How Frequently Should a Bearded Dragon Poop?
Typically, bearded dragons should poop at least once per week. However, some bearded dragons may even poop every single day. Essentially, how often the cute friend defecates will depend on various factors.
First, the bearded dragon’s age will determine how frequently it will have bowel movements. Babies poop more times than juvenile and adult beardies.
Another factor that will determine how frequently a bearded dragon will poop is the kind of diet it’s taking.
For example, beardies consuming foods with too much calcium will defecate more often than those who only eat crickets.
Exposure to UVA and UBA light will determine how long it takes for a bearded dragon to poop. One of the roles of UVA and UVB is to facilitate easier digestion.
Lack of substantial exposure will mean less bowel movement hence less frequent pooping.
How Many Times Should a Baby Bearded Dragon Poop?
Baby bearded dragons aged four months or below should poop once or thrice every day. Due to their rapidly developing bodies, babies have high metabolism rates and thus have to eat a lot.
And as we all know, the more the food, the higher the digestive excretes. If you recently bought a baby bearded dragon and it keeps soiling its terrarium, there’s no need for alarm. It’s just going through a normal phase of life.
How Frequently Should Juvenile or Young Bearded Dragon Poop?
Juvenile bearded dragons aged between 4-18 months usually experience bowel movements after one day. However, things start to slow down when they clock 18 months.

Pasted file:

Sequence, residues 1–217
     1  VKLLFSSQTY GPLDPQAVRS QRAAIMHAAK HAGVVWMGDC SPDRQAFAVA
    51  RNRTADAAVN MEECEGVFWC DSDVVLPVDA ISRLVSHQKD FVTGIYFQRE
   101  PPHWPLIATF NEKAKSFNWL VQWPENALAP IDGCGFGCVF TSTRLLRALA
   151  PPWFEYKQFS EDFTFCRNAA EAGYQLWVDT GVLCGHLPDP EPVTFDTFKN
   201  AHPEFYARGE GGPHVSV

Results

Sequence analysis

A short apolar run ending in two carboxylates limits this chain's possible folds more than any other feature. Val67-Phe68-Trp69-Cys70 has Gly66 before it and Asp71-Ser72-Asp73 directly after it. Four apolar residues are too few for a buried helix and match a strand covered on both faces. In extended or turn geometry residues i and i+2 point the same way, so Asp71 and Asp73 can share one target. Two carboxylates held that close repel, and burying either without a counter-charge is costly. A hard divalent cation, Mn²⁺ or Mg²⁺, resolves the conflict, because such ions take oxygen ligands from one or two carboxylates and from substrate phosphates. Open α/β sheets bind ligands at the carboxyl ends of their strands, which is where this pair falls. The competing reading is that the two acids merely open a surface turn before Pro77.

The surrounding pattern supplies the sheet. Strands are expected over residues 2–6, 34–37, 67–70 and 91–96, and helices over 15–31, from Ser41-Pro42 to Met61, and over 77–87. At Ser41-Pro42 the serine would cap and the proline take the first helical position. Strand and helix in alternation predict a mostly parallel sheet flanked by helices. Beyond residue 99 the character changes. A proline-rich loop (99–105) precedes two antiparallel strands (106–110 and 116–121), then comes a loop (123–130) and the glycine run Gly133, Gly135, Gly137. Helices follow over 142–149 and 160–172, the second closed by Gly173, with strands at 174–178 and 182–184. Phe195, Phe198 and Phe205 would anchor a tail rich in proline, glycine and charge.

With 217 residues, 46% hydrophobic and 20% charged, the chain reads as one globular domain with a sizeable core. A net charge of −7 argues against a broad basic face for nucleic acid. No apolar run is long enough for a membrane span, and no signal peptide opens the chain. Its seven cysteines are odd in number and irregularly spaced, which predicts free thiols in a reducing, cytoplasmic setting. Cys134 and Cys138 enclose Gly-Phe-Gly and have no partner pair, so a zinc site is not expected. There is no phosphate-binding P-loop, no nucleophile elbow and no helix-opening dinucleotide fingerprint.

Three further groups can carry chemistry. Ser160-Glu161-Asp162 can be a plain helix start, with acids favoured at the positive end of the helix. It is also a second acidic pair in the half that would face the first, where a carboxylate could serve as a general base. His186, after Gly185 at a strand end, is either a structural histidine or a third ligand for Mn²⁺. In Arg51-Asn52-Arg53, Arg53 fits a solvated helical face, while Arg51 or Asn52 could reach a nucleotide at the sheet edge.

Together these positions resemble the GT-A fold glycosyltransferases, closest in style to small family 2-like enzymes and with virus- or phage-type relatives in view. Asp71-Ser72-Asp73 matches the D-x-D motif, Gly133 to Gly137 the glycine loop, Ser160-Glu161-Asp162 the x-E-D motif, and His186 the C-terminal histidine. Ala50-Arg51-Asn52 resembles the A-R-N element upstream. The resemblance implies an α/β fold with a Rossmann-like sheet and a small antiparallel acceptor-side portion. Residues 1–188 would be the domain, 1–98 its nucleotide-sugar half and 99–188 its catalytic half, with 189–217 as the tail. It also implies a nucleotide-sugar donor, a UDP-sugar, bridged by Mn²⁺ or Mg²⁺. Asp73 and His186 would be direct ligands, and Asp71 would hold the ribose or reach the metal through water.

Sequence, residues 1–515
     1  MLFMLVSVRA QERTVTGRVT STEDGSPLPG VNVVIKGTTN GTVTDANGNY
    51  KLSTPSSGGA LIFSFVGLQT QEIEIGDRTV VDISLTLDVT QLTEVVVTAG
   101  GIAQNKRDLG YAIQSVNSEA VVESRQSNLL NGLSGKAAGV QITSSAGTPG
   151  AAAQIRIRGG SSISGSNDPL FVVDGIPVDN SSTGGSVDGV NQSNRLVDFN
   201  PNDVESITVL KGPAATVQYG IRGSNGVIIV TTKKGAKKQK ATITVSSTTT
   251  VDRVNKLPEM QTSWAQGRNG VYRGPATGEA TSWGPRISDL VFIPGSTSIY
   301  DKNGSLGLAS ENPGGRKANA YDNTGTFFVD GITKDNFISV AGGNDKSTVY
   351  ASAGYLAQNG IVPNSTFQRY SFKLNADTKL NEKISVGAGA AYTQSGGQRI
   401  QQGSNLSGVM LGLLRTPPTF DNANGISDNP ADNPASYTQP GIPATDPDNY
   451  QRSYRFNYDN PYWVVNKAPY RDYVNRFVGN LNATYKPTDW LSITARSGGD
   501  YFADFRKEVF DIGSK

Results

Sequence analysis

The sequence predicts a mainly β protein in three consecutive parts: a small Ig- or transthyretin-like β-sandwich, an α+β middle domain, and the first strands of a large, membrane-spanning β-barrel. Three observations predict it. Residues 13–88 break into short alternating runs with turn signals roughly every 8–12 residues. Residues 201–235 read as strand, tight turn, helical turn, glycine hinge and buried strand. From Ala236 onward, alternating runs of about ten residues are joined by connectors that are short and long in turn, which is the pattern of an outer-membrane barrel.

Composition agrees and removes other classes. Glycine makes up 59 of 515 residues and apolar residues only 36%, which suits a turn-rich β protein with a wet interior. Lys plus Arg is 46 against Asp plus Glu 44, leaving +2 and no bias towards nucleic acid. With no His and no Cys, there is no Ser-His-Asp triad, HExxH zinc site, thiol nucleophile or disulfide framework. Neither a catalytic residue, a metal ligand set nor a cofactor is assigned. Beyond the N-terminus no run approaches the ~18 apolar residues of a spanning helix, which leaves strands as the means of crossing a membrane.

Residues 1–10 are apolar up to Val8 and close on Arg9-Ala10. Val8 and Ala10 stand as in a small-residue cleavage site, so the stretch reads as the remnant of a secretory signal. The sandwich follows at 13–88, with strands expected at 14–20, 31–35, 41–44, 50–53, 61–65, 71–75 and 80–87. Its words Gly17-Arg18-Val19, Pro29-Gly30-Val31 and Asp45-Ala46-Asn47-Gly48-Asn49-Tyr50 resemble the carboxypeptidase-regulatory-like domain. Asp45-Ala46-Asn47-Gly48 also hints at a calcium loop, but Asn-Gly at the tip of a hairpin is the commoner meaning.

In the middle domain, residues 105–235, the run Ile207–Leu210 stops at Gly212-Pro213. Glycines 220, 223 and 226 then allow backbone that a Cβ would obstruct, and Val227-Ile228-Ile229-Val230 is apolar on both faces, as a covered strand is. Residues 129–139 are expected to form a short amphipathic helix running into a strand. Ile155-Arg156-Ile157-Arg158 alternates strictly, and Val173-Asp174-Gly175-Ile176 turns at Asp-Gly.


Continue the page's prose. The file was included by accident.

Essentially, as juveniles continue to grow old, their metabolism slows down and their food intake. For this reason, their bowel movement starts taking longer.
How Frequently Should an Adult Bearded Dragon Poop?
The type of food your adult bearded dragon eats will affect its pooping frequency. However, if an adult lizard is on a proper diet, gets adequate UVA and UVB exposure, and is healthy, it should poop at least once or thrice every week.
Bearded dragons that savor calcium-rich feeders such as silkworms are known to poop more often. They can even poop daily.
Ultimately, it would help to remember that every bearded dragon is different in its way. Some bearded dragon may stay even for a whole week without defecating, while others can soil their enclosures daily.
Why Is My Bearded Dragon Pooping A Lot?
If your bearded dragon has bowel movements too often, it may be due to a health complication or another condition. However, remember that what is considered a lot for adult bearded dragons could be standard for babies.
For instance, if an adult bearded dragon poops more than once every day, this should be a warning alarm.
However, this is normal for baby bearded dragons. If your bearded dragon is pooping a lot, these might be the reasons:
Your bearded dragon may experience increased bowel movements or less excretion due to stress.
If you notice a change in your pet’s pooping habits, you need to figure out whether something is stressing the little friend, either inside its enclosure or outside its tank.